Having been conferred the 2010 Oslo Business for Peace Award – the highest distinction given to a business person for outstanding accomplishments in the area of ethical business - at the fourth annual Oslo Summit on Peace through Trade on Monday evening, Tan Sri (Dr) Francis Yeoh Sock Ping (Francis Yeoh), Managing Director of YTL was subsequently made primus inter pares.

As ‘First Among Equals’, he was selected by Nobel Laureates Professor Muhammad Yunus, Professor Wangari Muta Maathai and Professor A. Michael Spence and business leaders to represent the six other award honourees, including Ratan Tata, Chairman of Tata Group, and Stef Wertheimer, Honorary Chairman of Iscar Metalworking Company, to address the audience at the awards ceremony.

Emphasizing on the need for business to be “a force for good”, Francis Yeoh encouraged companies to flee “short-termism” and avoid being driven by instant rewards, quick fixes and unethical gains. He also urged companies to adopt corporate social responsibility as part of corporate DNA, instead of mere expediency and gaining media exposure. “I give all the honour and glory to my Lord Jesus Christ, the Prince of Peace, from Him I derive my passion and purpose to be the salt of the earth and a light of this world. I also wish to thank the Nobel Laureates and everyone associated with this Award for this incredibly humbling experience,” Francis Yeoh said in his address to the audience.

Peers, colleagues and friends from across the globe have offered their congratulations. Madam Ho Ching, Executive Director & Chief Executive Officer (CEO) of Temasek Holdings Pte Ltd said, “The award is recognition of Francis Yeoh’s inspiring leadership, pioneering spirit and dedication to create a dynamic global business group respected not just in Malaysia but around the world.”

In a congratulatory message, Henry Paulson, former United States Treasury Secretary and former Chairman & CEO of Goldman Sachs, and Wendy Paulson, Nature Conservancy Trustee, applaud his leadership in the environmental arena, “bringing attention to issues that affect the whole family of man and the planet, and giving support to initiatives that improve man's relationship to his natural surroundings.”

Andrea Bocelli, Francis Yeoh’s good friend and world renowned tenor said, “I have always believed my dear friend Francis is a genius who loves humanity. This award confirms it. I am so happy for him.”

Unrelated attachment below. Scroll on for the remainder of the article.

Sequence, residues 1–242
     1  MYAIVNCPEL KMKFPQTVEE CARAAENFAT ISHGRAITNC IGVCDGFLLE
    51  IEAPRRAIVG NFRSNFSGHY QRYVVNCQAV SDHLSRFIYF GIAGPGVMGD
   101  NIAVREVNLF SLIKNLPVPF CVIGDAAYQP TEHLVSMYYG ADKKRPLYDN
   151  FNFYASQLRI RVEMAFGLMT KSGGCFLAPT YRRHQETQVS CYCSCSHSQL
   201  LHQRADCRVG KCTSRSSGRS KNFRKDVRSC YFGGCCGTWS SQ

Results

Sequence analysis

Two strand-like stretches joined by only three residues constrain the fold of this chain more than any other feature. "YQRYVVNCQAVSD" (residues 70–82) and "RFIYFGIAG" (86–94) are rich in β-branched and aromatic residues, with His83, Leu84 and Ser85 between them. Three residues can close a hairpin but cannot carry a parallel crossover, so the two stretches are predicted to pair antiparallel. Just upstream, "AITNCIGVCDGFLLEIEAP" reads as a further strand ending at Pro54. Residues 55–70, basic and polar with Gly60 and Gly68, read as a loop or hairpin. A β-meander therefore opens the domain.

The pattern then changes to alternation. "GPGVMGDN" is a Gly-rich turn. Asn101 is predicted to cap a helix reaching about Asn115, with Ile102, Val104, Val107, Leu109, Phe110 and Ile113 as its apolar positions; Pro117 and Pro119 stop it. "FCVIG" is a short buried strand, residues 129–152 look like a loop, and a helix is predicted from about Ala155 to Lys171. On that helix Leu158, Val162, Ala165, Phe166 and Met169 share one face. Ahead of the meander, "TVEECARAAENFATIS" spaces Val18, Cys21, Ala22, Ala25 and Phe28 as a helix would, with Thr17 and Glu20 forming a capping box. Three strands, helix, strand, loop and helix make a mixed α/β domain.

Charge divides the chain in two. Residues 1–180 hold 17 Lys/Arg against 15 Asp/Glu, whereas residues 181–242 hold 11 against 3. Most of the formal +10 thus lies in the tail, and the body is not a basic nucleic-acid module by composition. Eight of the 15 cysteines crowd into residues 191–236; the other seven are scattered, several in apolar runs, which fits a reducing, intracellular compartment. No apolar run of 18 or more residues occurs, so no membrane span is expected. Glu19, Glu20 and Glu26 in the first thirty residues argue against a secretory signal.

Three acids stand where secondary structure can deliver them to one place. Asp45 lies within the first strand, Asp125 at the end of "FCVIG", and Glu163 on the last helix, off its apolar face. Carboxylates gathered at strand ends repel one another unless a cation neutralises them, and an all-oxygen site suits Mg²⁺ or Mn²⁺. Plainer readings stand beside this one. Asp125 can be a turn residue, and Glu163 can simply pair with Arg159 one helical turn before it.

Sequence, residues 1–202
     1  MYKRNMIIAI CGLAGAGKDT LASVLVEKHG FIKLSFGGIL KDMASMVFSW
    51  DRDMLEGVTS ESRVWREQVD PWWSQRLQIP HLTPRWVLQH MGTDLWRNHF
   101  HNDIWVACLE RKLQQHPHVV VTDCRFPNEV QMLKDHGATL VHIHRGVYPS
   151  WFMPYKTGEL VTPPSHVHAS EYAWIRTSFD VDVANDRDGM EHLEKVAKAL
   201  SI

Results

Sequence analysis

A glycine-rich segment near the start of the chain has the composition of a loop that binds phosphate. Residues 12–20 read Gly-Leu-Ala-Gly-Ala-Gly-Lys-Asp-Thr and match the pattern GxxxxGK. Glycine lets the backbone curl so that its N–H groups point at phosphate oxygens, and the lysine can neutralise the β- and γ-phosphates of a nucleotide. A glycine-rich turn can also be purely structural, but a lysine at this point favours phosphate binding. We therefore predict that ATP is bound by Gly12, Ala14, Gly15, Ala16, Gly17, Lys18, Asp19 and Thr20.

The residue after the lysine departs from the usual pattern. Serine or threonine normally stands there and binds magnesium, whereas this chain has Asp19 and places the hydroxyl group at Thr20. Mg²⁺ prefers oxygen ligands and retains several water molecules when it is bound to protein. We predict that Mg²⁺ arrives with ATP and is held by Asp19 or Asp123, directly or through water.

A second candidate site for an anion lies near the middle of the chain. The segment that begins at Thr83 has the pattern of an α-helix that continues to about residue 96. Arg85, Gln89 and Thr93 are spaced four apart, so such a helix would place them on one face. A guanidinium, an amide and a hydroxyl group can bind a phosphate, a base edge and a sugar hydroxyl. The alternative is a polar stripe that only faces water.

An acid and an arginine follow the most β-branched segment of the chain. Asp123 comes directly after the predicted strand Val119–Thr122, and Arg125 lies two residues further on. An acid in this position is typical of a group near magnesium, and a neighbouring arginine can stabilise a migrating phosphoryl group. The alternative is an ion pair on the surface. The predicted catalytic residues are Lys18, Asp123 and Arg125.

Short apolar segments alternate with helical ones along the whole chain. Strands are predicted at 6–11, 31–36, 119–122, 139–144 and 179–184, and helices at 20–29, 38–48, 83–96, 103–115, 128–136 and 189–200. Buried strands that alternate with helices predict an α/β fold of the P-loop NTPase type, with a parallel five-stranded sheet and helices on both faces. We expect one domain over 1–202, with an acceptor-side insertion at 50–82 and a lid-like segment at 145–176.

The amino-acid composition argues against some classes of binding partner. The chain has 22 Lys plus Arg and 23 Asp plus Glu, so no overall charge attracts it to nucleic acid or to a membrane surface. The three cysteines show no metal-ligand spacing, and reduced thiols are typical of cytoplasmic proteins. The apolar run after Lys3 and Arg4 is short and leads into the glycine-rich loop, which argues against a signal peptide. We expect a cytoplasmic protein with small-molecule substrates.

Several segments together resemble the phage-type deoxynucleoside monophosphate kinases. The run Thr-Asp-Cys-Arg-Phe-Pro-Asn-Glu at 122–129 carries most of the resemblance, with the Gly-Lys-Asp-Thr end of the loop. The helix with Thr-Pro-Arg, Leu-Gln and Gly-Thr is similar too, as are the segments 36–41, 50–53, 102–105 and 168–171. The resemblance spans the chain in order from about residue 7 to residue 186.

I shudder to think that I deserve to be in the same room with distinguished men and women who have devoted their lives to shape and preserve the moral fabric of our world; and who walk in the light with considerable cost to their own wellbeing. Which is why, I humbly salute the Nobel Laureates who embody the very best of our humanity. I salute fellow Honourees of this Award, for ‘your’ moral courage and determination to bring dignity and hope to our world, using ethical business to transform mindsets and practices. I also salute the many unsung heroes who champion positive change.

For this reason, we desperately need good governance, the rule of law, and transparent regulatory framework in the global economy to rebuild trust and regain moral integrity. We must promote courageous and responsible leaders to high places. And national governments will gain tremendously from following suit. Economics Nobel Laureate, Joseph Stiglitz said, “The present societal and economic problems are like festering wounds that can only be healed by exposing them to the antiseptic effects of sunlight.... We must restore the balance between the market and the state, between individualism and the community, between man and nature and between means and ends.”

Being a force for good is not a zero-sum game. Not being so is. And it is a zero-sum game to allow evil to triumph and for good men and women to sit back and do nothing. I am incredibly humbled yet uplifted to be here with all of you and to say, with dignity and courage that we are not in the zero-sum game.